Hilary Cottam > Blog > Welfare State > Humanising the Inevitable? C21 public service.

Humanising the Inevitable? C21 public service.

What is the role of the modern state in creating the good life?  Are we, the public servants of today, simply humanisers of the inevitable[1], those who must mop up the fall out of rapid techno economic change.  Or can we be the radical architects of a much-needed social revolution?

Everywhere the social systems, tools and frameworks we inherited in the last century are proving unfit for purpose.  Take health: our industrial health systems were brilliant at curing 20thcentury infectious disease but today one in four of us have a chronic condition: ailments which include diabetes, depression and the complications of old age. Our health services can’t cope. In Britain 70 percent of hospital expenditure is dedicated to managing these complex conditions which cannot be cured. We need motivation not medicine and this requires a wholly different way of thinking and working.

Or take employment. In most parts of the world those out of work face industrialised systems of support: conveyor belt services meant to slot the individual worker into a job.  These expensive systems have high failure rates (over 60 percent in the UK) because they ignore wider seismic economic change, they shut out the challenges of low wages and they are blind to the problem that progression in work is more difficult than finding a job.

I work with people like Anne.  Anne is unwell, in pain and overweight. Keeping appointments with nine specialist doctors is her full-time job.  But when I meet the doctors, they tell me something Anne already knows – the drugs don’t work.  Anne needs radical help to change the way she lives.  I set up in doctor’s surgeries and ask them to send me ‘heart-sink’ patients like Anne.  A small team then starts to unpick the always complex problems that lie behind ill health. Anne decides to take up her embroidery again, her mood lifts and she is ready for the next challenge. The remedies are unorthodox, more often social than clinical but the data impresses the clinicians and the service is low cost.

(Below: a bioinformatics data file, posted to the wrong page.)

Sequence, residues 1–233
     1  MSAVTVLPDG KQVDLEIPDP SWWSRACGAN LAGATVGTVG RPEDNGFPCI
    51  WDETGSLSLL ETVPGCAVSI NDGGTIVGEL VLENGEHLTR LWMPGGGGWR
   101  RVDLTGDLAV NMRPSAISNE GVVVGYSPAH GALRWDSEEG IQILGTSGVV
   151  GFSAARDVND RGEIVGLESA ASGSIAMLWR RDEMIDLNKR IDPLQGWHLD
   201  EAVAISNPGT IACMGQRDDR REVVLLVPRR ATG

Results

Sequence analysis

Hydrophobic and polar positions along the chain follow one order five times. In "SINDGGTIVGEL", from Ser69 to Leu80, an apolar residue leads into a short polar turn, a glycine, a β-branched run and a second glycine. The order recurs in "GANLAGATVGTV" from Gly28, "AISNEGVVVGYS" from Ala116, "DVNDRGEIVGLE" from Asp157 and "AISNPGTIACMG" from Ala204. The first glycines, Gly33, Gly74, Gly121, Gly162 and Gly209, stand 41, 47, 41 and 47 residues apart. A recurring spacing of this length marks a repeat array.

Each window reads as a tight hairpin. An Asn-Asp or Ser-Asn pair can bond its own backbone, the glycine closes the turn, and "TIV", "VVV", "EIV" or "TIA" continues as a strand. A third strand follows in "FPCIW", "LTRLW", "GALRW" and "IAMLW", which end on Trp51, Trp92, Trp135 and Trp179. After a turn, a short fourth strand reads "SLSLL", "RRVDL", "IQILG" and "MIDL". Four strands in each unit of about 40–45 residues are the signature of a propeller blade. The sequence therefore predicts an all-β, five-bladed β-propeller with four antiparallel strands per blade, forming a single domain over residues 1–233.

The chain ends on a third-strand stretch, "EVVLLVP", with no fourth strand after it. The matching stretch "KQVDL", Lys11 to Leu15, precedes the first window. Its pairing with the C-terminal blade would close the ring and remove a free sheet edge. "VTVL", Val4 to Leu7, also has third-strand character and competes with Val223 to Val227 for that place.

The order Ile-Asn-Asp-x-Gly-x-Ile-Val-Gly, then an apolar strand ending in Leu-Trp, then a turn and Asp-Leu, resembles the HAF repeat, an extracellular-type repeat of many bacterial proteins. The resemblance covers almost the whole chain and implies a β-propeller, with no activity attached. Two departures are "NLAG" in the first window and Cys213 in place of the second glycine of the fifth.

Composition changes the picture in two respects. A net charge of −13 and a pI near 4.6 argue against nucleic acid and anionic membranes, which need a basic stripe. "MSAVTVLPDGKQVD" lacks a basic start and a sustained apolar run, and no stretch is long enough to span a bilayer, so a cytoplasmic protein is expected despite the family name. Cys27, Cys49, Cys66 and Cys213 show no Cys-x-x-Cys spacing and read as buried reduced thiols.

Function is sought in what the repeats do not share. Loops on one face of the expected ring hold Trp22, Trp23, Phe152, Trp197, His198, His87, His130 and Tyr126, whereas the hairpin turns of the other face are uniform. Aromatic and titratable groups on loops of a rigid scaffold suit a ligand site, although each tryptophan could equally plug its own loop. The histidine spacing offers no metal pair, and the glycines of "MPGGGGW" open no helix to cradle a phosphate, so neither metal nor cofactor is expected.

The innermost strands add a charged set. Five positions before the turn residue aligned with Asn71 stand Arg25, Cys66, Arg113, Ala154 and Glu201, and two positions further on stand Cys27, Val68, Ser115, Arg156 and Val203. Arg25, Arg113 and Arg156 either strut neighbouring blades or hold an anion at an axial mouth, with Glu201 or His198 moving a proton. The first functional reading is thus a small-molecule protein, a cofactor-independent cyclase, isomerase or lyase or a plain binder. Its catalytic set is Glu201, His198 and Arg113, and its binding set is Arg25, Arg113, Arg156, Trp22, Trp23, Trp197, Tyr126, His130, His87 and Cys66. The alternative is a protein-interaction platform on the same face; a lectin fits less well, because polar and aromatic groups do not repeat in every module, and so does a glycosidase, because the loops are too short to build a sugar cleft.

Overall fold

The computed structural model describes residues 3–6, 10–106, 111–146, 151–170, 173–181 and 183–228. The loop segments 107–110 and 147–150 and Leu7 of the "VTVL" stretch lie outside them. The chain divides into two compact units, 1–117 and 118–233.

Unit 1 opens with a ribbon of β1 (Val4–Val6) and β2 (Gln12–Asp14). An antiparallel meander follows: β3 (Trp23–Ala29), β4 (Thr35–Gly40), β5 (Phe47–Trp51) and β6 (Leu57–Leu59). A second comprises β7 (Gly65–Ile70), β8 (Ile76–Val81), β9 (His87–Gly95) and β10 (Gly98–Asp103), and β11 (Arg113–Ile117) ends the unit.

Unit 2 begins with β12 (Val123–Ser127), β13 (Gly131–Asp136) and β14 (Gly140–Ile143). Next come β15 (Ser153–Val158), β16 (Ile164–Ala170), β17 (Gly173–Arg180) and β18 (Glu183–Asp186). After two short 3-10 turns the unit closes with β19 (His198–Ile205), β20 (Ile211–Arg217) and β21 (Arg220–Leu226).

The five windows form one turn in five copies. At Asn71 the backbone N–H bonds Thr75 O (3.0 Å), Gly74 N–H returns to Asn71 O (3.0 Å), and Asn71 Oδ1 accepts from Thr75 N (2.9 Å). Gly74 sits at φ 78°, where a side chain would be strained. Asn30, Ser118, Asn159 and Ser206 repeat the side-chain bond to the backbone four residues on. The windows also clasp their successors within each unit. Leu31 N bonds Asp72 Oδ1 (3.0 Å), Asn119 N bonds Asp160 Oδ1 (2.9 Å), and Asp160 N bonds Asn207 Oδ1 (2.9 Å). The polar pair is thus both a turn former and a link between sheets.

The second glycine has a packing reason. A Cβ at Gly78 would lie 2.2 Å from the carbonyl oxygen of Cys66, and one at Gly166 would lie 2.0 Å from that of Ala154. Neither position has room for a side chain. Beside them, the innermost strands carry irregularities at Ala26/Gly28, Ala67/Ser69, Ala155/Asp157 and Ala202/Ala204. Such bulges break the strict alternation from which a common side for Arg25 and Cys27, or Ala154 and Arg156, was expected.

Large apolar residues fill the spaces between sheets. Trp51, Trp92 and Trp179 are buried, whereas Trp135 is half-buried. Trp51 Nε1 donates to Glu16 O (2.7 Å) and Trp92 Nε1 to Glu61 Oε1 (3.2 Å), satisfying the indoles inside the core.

And I work with people like Earl.  Earl has trouble holding down any job and has a criminal record for petty drug dealing. He wants to be a chef but the employment service thinks that’s laughable and try to get him to do an entry level job he finds demeaning.  I invited Earl to help me design a new service.  

We create simple tools and use public meetings to connect people in and out of work together.  The emphasis is on practical steps towards long term goals.  Simple digital platforms enabled us to work with many at low cost.  Randomised control trials show our approach cost one fifth of current services, fostered skills and enabled 87 percent of members to make progress in or towards work.

This is 21stcentury welfare.  It starts where you are and instead of commanding change or trying to fix you it offers support to grow capability.  It includes as many people as possible given that it is our relationships that help us find work, keep healthy and care for one another. 

I design with people. I ask families isolated on tough estates, who feel angry and locked out, to draw on new support with transformative results; I work with older people on a community service that brings joy and affordable warm care.  In every case I work in partnership with exceptional public servants to create and grow new work: social workers, politicians, policy makers: engaging with sleeves rolled up at every stage of the process.  

The effect is powerful and low cost.

Perhaps on the surface it sounds familiar.  Many of us practice design thinking or we use focus groups to ask citizens what they think should happen.  But the work I am describing is very different -it is about a shift in power and mindset.  It starts not by asking questions from our point of reference as public servants: how can I change this or fix that.  Rather it asks about yourlife: what do you do, care about, want and how can we collaborate to make that happen.  

This new public mind-set is one of investigator, facilitator, inventor – not that of the previous century; gate-keeper, auditor, commander.  And when we have the solutions we don’t try to distribute them once again through an industrial pipeline, we seek to embed the solutions locally in new ways, ways I describe fully in my new book Radical Help.  The role of the public servant is no longer that of controlling the mechanical levers, it is that of the head gardener: setting out the design, planting, tending, nurturing and where necessary, weeding.

Every public servant I know is committed to making change.  No-one signs up to be a humaniser of the inevitable.  And our challenges from climate change to demographic shifts, from health to education are too great and too pressing to tinker any longer with the tools and attitudes of the last century.  As I argue in Radical Help it is only the state that can create the new framework we need, only our public servants can nurture the vision and model the behaviours. I propose a new and active role: this is Radical Help.

This blog first appeared on the apolitical website in November 2018

[1]A phrase I borrow from the Brazilian political theorist Roberto Unger